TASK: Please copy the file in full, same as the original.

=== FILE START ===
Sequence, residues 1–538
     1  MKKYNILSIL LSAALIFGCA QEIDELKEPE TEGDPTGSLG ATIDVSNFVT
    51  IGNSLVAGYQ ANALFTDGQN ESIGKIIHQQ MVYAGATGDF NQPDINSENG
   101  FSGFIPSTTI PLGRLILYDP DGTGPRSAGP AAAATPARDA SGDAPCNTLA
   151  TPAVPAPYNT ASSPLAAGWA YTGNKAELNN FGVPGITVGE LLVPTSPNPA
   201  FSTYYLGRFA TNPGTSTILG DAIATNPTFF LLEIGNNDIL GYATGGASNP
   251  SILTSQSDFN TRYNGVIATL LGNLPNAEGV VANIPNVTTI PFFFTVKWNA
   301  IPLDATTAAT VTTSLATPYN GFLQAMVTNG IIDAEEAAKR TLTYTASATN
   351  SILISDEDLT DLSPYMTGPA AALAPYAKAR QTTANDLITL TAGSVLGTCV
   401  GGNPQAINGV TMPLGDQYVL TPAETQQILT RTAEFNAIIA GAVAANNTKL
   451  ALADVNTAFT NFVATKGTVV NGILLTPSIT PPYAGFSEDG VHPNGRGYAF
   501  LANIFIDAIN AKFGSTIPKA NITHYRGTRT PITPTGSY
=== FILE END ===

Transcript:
Sequence, residues 1–538
     1  MKKYNILSIL LSAALIFGCA QEIDELKEPE TEGDPTGSLG ATIDVSNFVT
    51  IGNSLVAGYQ ANALFTDGQN ESIGKIIHQQ MVYAGATGDF NQPDINSENG
   101  FSGFIPSTTI PLGRLILYDP DGTGPRSAGP AAAATPARDA SGDAPCNTLA
   151  TPAVPAPYNT ASSPLAAGWA YTGNKAELNN FGVPGITVGE LLVPTSPNPA
   201  FSTYYLGRFA TNPGTSTILG DAIATNPTFF LLEIGNNDIL GYATGGASNP
   251  SILTSQSDFN TRYNGVIATL LGNLPNAEGV VANIPNVTTI PFFFTVKWNA
   301  IPLDATTAAT VTTSLATPYN GFLQAMVTNG IIDAEEAAKR TLTYTASATN
   351  SILISDEDLT DLSPYMTGPA AALAPYAKAR QTTANDLITL TAGSVLGTCV
   401  GGNPQAINGV TMPLGDQYVL TPAETQQILT RTAEFNAIIA GAVAANNTKL
   451  ALADVNTAFT NFVATKGTVV NGILLTPSIT PPYAGFSEDG VHPNGRGYAF
   501  LANIFIDAIN AKFGSTIPKA NITHYRGTRT PITPTGSY